Yesterday’s 317 point loss for the Dow Jones Industrial Average – coming as it did on the heels of great economic news (GDP, Jobs) – has people a bit freaked out.
As the Wall Street Journal reports, we have now erased the year-to-date gain for the Dow and are back to flat. I’m not terribly surprised given my best guess for the markets that I made the first week in January…
From the post You Are Here, published January 5th 2014:
1. The 1994 – A flattish, low volatility market in 2014 as the two opposing forces of reduced stimulus and slightly better-than-expected economic growth fight each other to a draw. Stocks go nowhere in the end with little gyration to speak of. Incidentally, this would be the outcome that frustrates the most players – all the passive index johnny-come-lately’s who require a rising tide don’t get it, all the long/short hedge funds and vol-starved traders don’t get their desert oasis in this scenario either. Bear in mind that many of us are beginning to use 1994 as our analog here and for good reason – it’s a mid-bull market year shortly after recession with a pickup in earnings but with interest rates beginning to rise as well. In ’94, you got 20% growth in S&P earnings but a flat market because rising rates led to a 25% compression in PE multiples. That particular rate hike cycle involved the Fed Funds Rate rising 300 basis points and it took place over 14 months. Once it was completed, in early 1995, the S&P 500 was off to the races for the next five years. I wouldn’t fall out of my chair if we went through something similar now as rates normalize and stocks digest huge gains. Consolidation is terrific and I certainly would much prefer to correct through time rather than through price any day of the week.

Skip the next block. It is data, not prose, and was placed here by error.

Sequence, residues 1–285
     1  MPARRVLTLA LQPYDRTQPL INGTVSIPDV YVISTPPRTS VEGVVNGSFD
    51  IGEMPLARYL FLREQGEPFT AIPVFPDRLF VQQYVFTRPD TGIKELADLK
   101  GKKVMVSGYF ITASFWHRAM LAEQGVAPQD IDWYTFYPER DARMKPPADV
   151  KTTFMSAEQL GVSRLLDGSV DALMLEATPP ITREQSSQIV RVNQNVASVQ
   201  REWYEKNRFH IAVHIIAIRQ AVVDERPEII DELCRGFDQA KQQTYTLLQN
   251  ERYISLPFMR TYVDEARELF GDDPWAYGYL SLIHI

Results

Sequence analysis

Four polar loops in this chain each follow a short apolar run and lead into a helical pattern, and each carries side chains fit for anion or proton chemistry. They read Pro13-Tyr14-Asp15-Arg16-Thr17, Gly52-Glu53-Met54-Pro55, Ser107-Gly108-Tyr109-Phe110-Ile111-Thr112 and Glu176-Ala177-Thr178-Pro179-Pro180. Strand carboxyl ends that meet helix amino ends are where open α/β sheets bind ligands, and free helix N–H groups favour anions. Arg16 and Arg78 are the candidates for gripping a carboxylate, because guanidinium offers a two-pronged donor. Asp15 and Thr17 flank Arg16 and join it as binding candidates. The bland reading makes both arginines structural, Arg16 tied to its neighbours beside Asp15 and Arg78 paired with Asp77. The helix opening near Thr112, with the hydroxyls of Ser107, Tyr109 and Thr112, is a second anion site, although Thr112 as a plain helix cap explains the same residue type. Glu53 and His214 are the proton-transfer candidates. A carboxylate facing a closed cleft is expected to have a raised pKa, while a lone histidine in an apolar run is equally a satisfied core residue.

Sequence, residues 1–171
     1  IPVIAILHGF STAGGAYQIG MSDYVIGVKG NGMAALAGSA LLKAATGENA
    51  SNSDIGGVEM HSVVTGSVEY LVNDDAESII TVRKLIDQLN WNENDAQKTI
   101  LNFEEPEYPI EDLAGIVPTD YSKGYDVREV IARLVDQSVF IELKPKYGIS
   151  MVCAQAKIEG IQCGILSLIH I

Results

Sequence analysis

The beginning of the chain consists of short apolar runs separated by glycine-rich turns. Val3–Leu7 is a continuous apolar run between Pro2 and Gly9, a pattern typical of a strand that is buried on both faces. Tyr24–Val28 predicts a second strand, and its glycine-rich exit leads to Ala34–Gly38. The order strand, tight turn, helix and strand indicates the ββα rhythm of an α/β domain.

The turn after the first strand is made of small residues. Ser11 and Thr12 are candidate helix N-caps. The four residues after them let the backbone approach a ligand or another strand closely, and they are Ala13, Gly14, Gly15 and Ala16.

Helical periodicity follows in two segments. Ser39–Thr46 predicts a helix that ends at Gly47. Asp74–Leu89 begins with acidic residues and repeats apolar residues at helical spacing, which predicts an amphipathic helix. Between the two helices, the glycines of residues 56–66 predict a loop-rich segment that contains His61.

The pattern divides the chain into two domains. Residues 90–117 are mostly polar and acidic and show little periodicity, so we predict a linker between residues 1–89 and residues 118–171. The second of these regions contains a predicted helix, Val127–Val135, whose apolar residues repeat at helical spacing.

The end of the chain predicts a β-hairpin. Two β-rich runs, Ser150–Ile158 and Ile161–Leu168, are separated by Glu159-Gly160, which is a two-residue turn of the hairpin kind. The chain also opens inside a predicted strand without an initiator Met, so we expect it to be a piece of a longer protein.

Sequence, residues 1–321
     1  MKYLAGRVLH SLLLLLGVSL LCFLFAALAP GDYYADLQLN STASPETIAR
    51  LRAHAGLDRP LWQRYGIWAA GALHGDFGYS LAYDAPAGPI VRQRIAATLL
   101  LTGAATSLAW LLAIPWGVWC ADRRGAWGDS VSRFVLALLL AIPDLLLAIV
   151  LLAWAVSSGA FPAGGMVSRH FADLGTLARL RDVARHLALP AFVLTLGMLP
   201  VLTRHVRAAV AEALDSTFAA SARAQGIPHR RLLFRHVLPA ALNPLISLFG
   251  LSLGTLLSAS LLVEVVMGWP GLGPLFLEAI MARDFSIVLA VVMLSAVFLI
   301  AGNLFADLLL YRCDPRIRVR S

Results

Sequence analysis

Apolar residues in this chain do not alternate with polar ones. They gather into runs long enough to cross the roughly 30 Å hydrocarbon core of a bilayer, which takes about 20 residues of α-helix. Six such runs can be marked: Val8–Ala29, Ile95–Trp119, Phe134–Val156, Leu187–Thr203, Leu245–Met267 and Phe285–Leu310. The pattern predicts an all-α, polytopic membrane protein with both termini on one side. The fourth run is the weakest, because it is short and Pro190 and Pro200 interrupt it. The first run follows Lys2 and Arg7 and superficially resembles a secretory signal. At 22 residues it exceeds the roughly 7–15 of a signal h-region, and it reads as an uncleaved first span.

So far, now seven full months into the year, this guess looks pretty good. I made three others, but this was my leading hypothesis. None of my guesses included the onset of a new cyclical bear market, by the way, but one of them was an obligatory black swan thingie.
Anyway, not so surprising to find ourselves here. Nor should it be particularly upsetting to those with diversified portfolios.